Catherine Crier's How the Right is Wronging American Justice documents how the federal judiciary is being taken over by judges bent on establishing a theocracy in the US. Bush consults with powerful and well-funded Christian fundamentalist organizations and leaders about his judicial appointments. The result has been to stack the courts with those who claim that America should be a religious country by law, regardless of what the Constitution or the actual history says. Crier, a former Republican judge, warns, "Be Afraid. Be Very Afraid."
Along with making a narrow and hateful breed of Christian fundamentalism the law of the land, Bush's appointments to the federal judiciary also stand out for their willingness to allow his administration to get away with torture (literally), and arrogate increased power to the executive branch. Samuel Alito, for example, advanced a whole theory called the "unitary executive", in which power is concentrated in the executive branch at the expense of the other two branches.
Looking at Hamdan v. Rumsfeld in particular, the decision narrowly passed by one vote; Scalia, Thomas, and Alito dissented, while Roberts absented himself because he had already ruled in this case in favor of the Bush administration as an appeals court justice. The Supreme Court has been deeply divided in many recent decisions, and one more Bush appointee could mean all the difference. Displaying the bitter conflict on the bench, Justice Thomas did what he has never done in his 15 years on the Supreme Court: read his dissenting opinion aloud from the bench.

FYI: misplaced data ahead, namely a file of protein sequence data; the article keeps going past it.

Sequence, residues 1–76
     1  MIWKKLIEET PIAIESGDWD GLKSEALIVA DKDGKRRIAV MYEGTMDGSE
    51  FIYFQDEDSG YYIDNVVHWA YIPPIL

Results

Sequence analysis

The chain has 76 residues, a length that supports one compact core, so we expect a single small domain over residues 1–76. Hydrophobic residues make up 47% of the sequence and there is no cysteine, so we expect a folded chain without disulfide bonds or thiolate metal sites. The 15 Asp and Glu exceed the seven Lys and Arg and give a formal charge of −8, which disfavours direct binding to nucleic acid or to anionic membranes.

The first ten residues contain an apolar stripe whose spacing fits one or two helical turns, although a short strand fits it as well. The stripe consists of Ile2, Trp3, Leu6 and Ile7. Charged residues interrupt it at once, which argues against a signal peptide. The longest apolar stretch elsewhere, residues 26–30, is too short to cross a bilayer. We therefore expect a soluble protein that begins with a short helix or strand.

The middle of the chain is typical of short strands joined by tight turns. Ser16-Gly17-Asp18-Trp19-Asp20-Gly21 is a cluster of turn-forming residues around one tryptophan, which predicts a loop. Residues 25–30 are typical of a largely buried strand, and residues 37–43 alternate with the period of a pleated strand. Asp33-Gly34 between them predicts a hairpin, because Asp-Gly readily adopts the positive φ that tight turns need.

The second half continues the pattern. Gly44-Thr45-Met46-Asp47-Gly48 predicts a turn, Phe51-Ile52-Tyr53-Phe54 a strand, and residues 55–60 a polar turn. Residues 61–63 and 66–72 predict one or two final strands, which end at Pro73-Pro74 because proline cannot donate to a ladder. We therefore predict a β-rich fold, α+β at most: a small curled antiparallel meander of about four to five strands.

Stepping back, it is important to understand that the Constitution does not guarantee some timeless way in which the law will always be, but can be ripped up, ignored, amended, transformed, or re-interpreted depending on the interests of those in power at any given time. While there has been an established rule of law in the US since its founding, this itself has undergone profound change in the past 200 years. Slavery was once upheld, and discrimination against non-whites and women used to be codified as law. The way in which laws have been interpreted or carried out has never been fair and equal. But as society has undergone political, economic, and social changes, so too have the governing norms and laws. Any major progressive changes in the legal arena were not made at the behest of whoever is sitting on the bench, but were forced on those in power by massive social upheaval and resistance from below.
The changes in the legal arena and judiciary under the Bush regime are sweeping, and threaten to not only turn back the clock on any progress forced by resistance movements, but also rip up the rule of law going back hundreds of years. And while there is debate within the halls of power over just how far and fast to take this, there is no opposition to the whole direction this is going in. Just this month, 49 Senators voted for an amendment banning gay marriage; this would be the first time since the slavery existed and women were not allowed to vote that discrimination was written into the Constitution. And the Senate was short by only one vote of an amendment banning flag-burning, which would amount to writing restrictions on free speech into the Constitution.